Mexico's Weapons Imports Almost Doubled In Last 5 Years, US Sent More Than Half
The Mexican government almost doubled its imports of major weapons in the last five years, and a majority of those weapons came from the United States, according to a study released this week.
Mexico is far from being the world’s top importer of weapons. But still, its imports increased by more than 180 percent. About 56 percent came from the U.S., the study says.
Nan Tian, one of the authors of the study from the Stokholm International Peace Research Institute, said the increase is given in part to the Merida Initiative, the controversial agreement between the two countries to fight drug trafficking. The U.S. gives many firearms to Mexico at no cost.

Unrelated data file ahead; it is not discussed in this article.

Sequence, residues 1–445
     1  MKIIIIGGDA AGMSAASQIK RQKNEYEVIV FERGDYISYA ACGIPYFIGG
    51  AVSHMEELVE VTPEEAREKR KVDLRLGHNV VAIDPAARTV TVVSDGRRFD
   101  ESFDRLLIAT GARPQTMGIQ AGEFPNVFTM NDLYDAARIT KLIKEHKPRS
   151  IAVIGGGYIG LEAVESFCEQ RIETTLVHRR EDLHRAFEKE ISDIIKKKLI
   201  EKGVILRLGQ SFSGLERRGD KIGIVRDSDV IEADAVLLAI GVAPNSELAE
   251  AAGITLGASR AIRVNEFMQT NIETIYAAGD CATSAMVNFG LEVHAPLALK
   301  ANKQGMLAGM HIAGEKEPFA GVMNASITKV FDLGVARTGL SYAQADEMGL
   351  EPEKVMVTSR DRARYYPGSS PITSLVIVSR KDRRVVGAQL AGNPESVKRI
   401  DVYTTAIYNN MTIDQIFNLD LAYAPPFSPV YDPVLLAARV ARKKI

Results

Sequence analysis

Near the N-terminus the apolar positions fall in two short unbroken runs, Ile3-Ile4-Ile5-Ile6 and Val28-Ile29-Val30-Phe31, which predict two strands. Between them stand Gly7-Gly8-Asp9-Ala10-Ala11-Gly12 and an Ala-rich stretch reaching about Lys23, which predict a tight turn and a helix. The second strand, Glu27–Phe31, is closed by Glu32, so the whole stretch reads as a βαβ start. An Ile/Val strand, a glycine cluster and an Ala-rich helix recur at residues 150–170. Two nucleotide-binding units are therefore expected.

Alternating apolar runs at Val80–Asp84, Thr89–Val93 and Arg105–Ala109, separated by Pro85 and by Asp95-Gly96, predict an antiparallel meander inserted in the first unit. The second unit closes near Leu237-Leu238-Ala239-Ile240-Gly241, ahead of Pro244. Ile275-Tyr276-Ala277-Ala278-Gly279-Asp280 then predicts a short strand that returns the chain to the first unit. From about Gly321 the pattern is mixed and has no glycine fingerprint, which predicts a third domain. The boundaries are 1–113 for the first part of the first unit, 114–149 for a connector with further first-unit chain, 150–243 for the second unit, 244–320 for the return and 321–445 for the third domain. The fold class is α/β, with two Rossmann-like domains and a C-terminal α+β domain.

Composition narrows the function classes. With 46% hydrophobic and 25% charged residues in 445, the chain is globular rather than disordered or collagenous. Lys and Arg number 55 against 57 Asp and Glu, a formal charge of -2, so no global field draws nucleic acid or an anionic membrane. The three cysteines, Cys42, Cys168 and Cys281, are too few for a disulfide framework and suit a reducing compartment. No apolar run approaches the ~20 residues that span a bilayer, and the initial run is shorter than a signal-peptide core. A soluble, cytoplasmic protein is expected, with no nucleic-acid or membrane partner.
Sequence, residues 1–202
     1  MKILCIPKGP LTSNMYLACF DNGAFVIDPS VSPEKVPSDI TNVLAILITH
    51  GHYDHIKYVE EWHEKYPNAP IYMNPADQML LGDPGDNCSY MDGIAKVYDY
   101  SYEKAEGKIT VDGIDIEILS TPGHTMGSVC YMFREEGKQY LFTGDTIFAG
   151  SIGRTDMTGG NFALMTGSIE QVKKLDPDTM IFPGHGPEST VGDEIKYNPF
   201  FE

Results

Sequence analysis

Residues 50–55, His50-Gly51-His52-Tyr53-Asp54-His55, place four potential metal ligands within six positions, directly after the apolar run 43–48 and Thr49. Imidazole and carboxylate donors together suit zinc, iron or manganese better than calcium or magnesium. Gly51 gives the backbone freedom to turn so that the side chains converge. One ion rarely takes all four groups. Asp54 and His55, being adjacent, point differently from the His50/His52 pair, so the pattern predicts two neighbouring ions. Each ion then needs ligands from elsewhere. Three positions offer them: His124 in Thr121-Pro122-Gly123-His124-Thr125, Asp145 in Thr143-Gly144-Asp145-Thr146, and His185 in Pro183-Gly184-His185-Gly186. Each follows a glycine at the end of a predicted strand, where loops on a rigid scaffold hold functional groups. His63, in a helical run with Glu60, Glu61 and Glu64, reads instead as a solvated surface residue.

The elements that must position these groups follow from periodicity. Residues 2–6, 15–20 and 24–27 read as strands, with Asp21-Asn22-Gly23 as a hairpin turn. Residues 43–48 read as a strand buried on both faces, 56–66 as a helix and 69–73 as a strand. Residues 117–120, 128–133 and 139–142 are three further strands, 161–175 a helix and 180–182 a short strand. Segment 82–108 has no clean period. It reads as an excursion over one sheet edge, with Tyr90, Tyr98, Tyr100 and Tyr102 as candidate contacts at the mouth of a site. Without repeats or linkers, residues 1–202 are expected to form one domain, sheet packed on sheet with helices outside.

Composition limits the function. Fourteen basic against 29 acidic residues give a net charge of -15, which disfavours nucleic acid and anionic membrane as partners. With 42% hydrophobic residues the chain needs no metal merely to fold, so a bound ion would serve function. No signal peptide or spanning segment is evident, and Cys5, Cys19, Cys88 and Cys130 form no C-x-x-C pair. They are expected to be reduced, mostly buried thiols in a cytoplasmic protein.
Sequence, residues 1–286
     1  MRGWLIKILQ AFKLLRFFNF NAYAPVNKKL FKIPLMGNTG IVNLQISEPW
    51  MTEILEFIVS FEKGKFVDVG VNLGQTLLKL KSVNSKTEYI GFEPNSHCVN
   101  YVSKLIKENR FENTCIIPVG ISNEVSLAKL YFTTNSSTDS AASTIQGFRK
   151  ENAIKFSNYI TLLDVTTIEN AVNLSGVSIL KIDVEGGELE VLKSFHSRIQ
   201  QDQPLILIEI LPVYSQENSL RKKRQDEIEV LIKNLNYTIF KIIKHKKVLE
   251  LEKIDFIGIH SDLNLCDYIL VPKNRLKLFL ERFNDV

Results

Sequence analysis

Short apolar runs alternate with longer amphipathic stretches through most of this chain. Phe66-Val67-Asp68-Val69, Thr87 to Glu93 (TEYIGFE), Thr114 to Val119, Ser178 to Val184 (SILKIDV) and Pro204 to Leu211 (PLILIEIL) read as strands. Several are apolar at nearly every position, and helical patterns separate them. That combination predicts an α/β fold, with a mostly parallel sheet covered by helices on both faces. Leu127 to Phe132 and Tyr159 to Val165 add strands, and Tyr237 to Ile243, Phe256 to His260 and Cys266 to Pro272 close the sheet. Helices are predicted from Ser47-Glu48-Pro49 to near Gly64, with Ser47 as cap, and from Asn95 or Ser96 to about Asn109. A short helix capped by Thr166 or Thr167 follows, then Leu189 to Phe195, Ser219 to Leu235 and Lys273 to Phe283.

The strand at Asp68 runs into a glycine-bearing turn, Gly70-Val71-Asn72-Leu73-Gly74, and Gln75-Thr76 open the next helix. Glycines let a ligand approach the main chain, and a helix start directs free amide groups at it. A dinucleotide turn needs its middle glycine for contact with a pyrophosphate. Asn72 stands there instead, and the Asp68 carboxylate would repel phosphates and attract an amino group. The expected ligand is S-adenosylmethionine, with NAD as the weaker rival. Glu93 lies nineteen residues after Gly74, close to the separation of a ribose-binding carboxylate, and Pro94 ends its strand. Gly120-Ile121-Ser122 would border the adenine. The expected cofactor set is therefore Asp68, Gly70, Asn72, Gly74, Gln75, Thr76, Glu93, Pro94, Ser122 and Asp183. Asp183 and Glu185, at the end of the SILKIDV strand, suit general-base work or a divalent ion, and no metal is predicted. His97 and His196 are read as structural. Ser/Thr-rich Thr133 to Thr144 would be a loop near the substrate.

"It’s also beneficial for the U.S. to have a more stable neighbor, in terms of Mexico," Tian said.
A very small proportion of U.S. exports went to Mexico. The U.S.' top three firearms clients - Saudi Arabia, the United Arab Emirates and Turkey – accounted for a quarter of its exports.